Bears GM's Daughter, Mary Rogers of Geneva, Has Fond Memories of Bears' Last NFC Championship
Twenty-five years ago, Mary Rogers of Geneva had a front-row seat to the Super Bowl season, when dad Jerry Vainisi was general manager.
Twenty-five years ago, a different NFC championship game consumed Chicago. That one, like this Sunday’s Bears-Packers matchup, was for the chance to go to the Super Bowl and the 1985 Super Bowl Shuffle Bears were the toast of the town.
There was great frenzy and fever attached to the team and this particular game, as fans who had been denied for so long, saw a chance for glory. There hadn’t been a championship team in Chicago, in any sport, in decades, after all.
Genevan Mary Rogers remembers the game—and the ensuing Super Bowl contest between the Bears and the New England Patriots—very well and very fondly, and from an up-close-and-personal view. She was college student Mary Vainisi then, and dad Jerry Vainisi was general manager and executive vice president of the Bears.
She saw Super Bowl XX in New Orleans from the stands with her mother and sister, sitting with the coaches’ families and the Bears administration and families. Her brothers were ball boys on the sideline, as they had been during the season.
“The most fun part of that whole experience is the game that’s happening this Sunday, the NFC championship game,” Rogers said. “It was very, very exciting.”
It was a wonderful time for the Bears and to be a Bears fan, she said.
“They had been bad for so long—and here we were on the brink of the Super Bowl. There was such an excitement in the whole city.”
That was the year of the Super Bowl Shuffle music video, of course. (Opening lyrics: “We are the Bears Shufflin’ Crew/Shufflin’ on down, doin’ it for you./We’re so bad we know we’re good./Blowin’ your mind like we knew we would.”)
The players were larger than life, too—Walter Payton, “punky QB” Jim McMahon, William “Refrigerator” Perry, Mike Singletary, Steve McMichael, Willie Gault, Gary Fencik ... the list goes on. And that doesn’t even include the larger-than-life coach, Mike Ditka.
Longtime Bears leader George “Papa Bear” Halas had died a few years earlier. And on that Sunday in Chicago, in the fourth quarter, as the Bears were on their way to a 24-0 shellacking over the Rams, it started to snow. Wilber Marshall picked up a fumble and ran 52 yards for the final score.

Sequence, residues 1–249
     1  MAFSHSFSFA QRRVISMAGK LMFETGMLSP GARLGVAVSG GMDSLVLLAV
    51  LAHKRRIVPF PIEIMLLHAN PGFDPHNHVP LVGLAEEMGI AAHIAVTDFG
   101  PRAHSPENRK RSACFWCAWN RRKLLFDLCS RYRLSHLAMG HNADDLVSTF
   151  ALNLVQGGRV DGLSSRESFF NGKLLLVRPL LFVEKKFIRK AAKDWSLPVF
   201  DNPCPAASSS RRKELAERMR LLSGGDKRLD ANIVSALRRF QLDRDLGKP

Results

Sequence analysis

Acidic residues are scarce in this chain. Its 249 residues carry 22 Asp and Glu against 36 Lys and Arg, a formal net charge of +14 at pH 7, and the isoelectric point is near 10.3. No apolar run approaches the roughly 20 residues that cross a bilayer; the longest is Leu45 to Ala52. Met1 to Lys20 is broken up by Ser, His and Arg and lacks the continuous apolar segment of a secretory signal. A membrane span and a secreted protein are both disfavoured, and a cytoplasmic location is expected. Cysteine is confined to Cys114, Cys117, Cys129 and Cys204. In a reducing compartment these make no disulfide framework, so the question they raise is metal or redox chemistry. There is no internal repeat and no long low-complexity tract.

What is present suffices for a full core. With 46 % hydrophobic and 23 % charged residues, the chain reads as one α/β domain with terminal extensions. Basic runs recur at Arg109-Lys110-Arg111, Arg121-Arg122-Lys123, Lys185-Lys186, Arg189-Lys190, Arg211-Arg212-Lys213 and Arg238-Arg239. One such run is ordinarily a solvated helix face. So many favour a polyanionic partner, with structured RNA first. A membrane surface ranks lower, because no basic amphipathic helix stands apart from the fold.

“Anyone who cared about football, and saw the snow, believed Mr. Halas had sent the snow. It was a message from him, to make us all believe that this is for real, that this is going to happen and the Bears will go to the Super Bowl,” Rogers said. “It was almost like his blessing.” (Indeed, the Bears website refers to the snow and the end of that game as “high drama.”)
The Super Bowl, and being at it, was exciting as well. But it wasn’t in Chicago, with delirious Chicago fans everywhere, which changed the dynamics.
As the team landed in Chicago, however, ground crew members cheered and pumped their fists, Rogers remembers. And as the Bears contingent, on team buses, traveled from the airport, “the cars on the other side of the expressway were stopped and people were standing on the tops of their cars cheering,” Rogers said. “It was just thrilling. I have very fond memories of that.”
These days, Rogers’ football energy is concentrated on Geneva High School, where son Ben plays the game and husband Tom is principal. The family—athletes all—is a fan of all the Chicago teams but particularly roots for the Chicago Cubs.
An interesting sidelight for this Sunday’s game is the strong connection not only to Chicago and the Bears, but to the Green Bay Packers as well. Jerry Vainisi worked as a ball boy for the Packers; his oldest brother Jack was a pro scout who brought to Green Bay the players who led the team to the glory years.
“He revolutionized the way scouting was done in the NFL,” Rogers said. A story on PackersNews.com calls Jack Vainisi “a pioneer in NFL scouting who essentially started the Packers’ college scouting department in 1950. He also was a major force behind bringing Lombardi to Green Bay and recommended the drafting or signing of eight college players who went on to Pro Football Hall of Fame careers under Lombardi.”
“Our dog growing up was named Packer,” Rogers said. “We have a very strong tie to the Packers also.”
They’ll all watch Sunday. And perhaps in the back of Rogers’ mind will be the memories of a game a quarter-century ago, a chance to recall the time, the place, the atmosphere, the heady emotions.
“It was a very, very exciting time for my dad, of course, and the culmination of years and years of hard work,” Rogers said.
“And it was a wonderful time to be in Chicago and be a Bears fan.”